“A dip in the stock market can cause an immediate and unexpected need for an employer — in our case the government — to increase their contribution to the retirement fund,” [Supervisor Pat] Herrity said. “We all know there are only two ways to pay for [retirement funding shortages]: cut something else in the budget or raise taxes.”

Allowing easier forecasting for retirement payments, defined-contribution plans such as 401(k)s have become more popular with employers and governments in recent years. Montgomery County employs such a system.

Dan, Eileen and I have written before on the problems with defined benefit systems, but it looks like some of our neighbors haven’t been paying attention.

“We’re not making the salaries we would be making in comparable private positions,” [Fairfax County Government Employees Union President Karen Conchar] said. “You’d end up with a less motivated staff if you went to a defined-contribution-type plan. It would not be good.”

Ms. Conchar is flatly wrong on all three points. First, nationwide, public employees make significantly more than the private workers who provide for their retirement.

The only possible explanation for Mrs. Conchar’s claim would be specific to Fairfax County, which is one of the largest and wealthiest places in the country, and likely an outlier to national data. Even given that, it’s strange to complain about living in an uber-prosperous area.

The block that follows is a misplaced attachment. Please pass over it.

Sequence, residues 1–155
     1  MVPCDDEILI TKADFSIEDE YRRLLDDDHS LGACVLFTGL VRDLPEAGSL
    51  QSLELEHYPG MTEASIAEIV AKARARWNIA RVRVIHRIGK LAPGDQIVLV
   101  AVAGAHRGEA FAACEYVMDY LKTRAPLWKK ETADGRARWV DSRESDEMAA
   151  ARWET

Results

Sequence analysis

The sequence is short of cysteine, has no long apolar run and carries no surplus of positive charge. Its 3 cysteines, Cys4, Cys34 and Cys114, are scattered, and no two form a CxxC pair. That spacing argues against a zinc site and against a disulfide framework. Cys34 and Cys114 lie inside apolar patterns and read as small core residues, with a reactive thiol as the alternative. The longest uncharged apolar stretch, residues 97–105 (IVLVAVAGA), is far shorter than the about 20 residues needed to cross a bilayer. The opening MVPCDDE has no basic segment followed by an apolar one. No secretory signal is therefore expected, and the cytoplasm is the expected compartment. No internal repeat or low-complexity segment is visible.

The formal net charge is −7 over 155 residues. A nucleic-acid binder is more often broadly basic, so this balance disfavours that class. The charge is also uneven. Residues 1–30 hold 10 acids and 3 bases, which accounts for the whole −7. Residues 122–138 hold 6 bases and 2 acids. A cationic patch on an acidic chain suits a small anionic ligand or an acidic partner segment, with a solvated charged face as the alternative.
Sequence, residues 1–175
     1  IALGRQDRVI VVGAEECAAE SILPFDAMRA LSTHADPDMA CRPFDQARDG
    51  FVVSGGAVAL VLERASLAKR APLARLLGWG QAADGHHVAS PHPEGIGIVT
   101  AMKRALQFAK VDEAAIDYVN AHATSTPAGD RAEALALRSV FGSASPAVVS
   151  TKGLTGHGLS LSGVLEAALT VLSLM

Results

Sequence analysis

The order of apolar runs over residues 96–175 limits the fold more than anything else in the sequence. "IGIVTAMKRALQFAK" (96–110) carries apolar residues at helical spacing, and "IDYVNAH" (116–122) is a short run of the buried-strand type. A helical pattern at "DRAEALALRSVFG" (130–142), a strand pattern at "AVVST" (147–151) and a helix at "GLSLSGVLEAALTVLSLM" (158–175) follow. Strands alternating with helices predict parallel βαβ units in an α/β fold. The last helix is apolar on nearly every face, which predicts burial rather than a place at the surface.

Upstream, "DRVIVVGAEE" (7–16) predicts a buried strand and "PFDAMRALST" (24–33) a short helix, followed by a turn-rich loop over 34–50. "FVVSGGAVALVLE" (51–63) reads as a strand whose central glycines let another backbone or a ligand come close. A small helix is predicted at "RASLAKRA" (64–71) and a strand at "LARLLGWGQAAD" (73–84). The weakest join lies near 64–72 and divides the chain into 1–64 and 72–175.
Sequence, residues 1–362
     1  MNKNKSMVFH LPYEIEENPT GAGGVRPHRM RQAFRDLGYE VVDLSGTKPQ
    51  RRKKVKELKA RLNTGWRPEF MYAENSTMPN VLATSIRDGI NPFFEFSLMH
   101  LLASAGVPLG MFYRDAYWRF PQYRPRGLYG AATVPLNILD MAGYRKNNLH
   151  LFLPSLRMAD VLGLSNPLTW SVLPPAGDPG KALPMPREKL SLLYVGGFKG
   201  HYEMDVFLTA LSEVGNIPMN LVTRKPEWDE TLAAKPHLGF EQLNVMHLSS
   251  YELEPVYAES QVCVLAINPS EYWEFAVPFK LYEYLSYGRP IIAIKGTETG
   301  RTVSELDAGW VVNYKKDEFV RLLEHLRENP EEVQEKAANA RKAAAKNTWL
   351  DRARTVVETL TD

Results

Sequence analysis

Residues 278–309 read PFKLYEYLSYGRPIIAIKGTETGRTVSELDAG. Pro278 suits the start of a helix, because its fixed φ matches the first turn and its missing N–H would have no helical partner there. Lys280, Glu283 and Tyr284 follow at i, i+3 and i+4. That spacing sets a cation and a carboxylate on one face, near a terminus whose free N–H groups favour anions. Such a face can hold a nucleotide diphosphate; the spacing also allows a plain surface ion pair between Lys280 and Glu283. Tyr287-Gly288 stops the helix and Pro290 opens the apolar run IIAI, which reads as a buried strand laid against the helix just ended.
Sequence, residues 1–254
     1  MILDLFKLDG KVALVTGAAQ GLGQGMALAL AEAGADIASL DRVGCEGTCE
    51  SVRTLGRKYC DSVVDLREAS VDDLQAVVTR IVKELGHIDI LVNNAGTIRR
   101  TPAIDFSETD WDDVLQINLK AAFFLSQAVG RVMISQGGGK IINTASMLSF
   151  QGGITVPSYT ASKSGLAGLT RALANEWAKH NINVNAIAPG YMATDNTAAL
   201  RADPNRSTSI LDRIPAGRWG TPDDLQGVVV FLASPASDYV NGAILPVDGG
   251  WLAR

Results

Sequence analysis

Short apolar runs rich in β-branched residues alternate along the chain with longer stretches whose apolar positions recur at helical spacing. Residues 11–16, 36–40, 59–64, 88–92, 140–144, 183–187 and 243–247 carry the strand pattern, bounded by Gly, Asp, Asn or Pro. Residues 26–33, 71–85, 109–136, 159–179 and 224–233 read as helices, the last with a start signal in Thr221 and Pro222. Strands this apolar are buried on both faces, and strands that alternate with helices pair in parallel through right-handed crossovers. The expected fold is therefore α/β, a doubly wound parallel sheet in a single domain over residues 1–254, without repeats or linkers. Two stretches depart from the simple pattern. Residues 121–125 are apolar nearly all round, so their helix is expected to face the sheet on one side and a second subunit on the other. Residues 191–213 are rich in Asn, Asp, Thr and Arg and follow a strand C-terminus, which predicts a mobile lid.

Second, can anyone explicate the perverse incentives that would explain her “less motivated” remark? 401(k)s force employees to take a responsible and accountable role in providing for their own retirement, without the risk that unions or legislatures will use pension plan trust funds as political slush funds. When are people more motivated: when they have incentives to act responsibly and care about something, or when they’re given unconditional promises?

Lastly, it would be a good move, saving Fairfax taxpayers money, and providing a more secure retirement for public servants. Everybody wins.

The Speed Camera Wars

The Washington Examiner reports that D.C. police are frustrated by new technology that allows drivers to pinpoint and avoid speed and red-light cameras. The technology, called PhatomAlert, streams to iPhones and GPS devices, sounding an alarm as drivers get close to cameras. Radar detection devices are illegal in D.C. and Virginia, but outlawing these devices may prove impossible.

D.C. police say their 290 cameras, first installed in 1999, have saved lives. Studies of the effectiveness of cameras on road safety offer conflicting data. The Governors Highway Safety Association says they’ve reduced violations and crashes.  The Virginia Transportation Research Council says they increase rear-end crashes.

Others argue cameras are more of a revenue trap for government, and they are used in bad faith; for example, citizens in Denver contend yellow lights were shortened to increase fines.

Photo radar tickets generated $1 billion in revenue between 2005 and 2008 for the District. In Maryland, Montgomery County’s cameras are expected to generate $29 million this fiscal year.

Anti-camera sentiment has led to lawsuits — motorists in Washington state are suing for being fined excessively for violations caught on traffic camera. And worse: a man in Glendale, Arizona took a pick axe to a speeding camera. He was fined $3,500.